To perform a task efficiently is to perform that task effectively while minimizing unnecessary effort. More experienced boxers are naturally more efficient than beginners. In layman’s terms, a beginner and advanced boxer could both throw 100 punches, but the beginner would expend more energy performing the same work. The experienced boxer is more relaxed while navigating through each round. The beginner on the other hand is tense, thus expends energy even during periods of less activity. He lacks the comfort and familiarity that is necessary to box in a relaxed state.
As for examples, Willie Pep (picture above) could be a case study in efficiency. Pep was so relaxed that he could literally stand in front of an opponent and make him miss while expending little if any energy. That level of comfort can only be developed inside the ring. It does not happen on the heavy bag or while racking up miles of roadwork. Such comfort only comes through hundreds of rounds of sparring and experience in actual bouts.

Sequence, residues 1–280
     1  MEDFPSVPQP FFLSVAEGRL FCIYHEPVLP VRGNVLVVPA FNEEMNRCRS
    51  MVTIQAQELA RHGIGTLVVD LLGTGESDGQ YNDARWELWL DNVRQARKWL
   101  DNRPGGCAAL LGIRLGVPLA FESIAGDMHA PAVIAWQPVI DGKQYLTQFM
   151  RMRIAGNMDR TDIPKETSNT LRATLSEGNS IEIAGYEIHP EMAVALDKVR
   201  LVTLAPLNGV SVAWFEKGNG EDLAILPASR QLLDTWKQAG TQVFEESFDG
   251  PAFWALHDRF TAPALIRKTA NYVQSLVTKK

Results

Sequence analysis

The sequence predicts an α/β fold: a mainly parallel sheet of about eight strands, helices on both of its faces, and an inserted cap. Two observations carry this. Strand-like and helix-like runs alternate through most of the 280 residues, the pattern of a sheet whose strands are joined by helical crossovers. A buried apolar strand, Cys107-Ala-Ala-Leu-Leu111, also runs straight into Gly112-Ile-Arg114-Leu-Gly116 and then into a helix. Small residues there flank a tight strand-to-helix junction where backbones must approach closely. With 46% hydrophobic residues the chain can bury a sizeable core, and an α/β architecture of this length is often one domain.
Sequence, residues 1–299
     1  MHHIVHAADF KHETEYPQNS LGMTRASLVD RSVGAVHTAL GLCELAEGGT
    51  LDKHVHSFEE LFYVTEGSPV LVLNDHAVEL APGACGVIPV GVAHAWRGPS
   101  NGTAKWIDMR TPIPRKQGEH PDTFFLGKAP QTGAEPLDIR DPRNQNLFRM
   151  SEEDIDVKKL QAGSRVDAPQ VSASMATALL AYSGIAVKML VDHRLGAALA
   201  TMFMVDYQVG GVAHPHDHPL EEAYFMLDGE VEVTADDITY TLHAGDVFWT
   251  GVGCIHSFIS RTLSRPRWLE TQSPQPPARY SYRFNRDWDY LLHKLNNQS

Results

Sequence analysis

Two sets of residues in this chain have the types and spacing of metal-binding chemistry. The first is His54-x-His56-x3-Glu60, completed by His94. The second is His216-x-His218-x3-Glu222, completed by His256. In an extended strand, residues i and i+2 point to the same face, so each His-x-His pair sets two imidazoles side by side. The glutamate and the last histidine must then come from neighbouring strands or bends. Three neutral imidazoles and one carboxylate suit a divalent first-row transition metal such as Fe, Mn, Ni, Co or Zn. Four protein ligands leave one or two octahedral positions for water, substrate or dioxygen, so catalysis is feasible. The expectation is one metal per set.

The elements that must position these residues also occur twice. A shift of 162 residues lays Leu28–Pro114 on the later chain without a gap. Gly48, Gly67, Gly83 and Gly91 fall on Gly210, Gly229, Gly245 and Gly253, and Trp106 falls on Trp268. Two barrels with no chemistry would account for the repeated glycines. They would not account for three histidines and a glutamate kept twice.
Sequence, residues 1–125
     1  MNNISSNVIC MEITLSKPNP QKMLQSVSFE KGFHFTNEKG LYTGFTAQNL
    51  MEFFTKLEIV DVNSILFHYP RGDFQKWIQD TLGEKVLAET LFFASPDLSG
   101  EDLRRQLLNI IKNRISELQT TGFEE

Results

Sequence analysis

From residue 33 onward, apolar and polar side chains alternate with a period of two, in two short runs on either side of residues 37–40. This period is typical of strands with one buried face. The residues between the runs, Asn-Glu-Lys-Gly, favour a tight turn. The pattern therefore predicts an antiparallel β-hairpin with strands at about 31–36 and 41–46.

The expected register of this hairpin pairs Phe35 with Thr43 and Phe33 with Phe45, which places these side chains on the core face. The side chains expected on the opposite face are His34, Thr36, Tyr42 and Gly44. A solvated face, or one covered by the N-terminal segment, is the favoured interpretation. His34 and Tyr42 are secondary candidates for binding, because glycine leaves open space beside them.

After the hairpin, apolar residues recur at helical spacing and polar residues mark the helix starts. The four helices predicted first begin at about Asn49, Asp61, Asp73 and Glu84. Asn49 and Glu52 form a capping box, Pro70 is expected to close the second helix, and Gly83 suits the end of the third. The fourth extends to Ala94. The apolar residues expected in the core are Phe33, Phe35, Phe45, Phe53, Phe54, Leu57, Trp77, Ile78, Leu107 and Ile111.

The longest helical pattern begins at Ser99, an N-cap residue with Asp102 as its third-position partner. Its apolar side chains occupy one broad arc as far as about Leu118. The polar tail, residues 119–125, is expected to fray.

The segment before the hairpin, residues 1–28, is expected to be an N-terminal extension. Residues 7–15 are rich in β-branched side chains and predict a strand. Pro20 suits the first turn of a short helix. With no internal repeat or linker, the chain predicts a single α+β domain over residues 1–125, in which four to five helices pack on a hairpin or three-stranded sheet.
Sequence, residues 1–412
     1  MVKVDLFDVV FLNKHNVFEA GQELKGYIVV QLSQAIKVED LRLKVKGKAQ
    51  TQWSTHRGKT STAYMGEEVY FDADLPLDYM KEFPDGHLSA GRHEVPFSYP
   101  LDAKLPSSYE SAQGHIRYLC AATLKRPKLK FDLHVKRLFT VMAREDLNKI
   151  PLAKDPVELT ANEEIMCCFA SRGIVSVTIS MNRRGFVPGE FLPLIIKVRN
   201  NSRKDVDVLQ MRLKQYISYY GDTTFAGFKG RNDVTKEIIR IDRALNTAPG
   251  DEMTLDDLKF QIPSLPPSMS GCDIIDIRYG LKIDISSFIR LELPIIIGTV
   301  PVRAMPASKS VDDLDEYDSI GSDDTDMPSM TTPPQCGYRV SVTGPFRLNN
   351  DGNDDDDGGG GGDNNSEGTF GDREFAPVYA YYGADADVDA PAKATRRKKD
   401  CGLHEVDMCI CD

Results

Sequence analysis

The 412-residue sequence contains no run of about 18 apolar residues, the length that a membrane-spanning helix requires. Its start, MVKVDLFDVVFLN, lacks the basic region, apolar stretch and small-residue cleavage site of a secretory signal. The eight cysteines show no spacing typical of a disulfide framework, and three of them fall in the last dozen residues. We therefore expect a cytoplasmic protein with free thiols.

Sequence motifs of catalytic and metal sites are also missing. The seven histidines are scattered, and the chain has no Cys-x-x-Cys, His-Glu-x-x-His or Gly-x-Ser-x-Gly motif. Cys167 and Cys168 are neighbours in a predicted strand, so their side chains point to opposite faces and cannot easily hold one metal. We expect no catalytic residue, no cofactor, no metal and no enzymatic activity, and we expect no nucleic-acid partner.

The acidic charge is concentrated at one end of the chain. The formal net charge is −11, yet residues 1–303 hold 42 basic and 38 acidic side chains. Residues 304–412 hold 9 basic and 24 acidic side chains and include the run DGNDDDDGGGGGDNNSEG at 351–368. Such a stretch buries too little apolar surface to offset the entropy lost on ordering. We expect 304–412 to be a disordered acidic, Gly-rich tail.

Physical vs. Mental
Therefore, it should not come as a surprise that there are certain amateur boxers who are in better physical shape than some seasoned professionals. The difference is that the younger boxers expend much more energy than the experienced pros. I have known amateur boxers who were so tense on fight night that they’d need to be in world class condition just to last 3 or 4 rounds.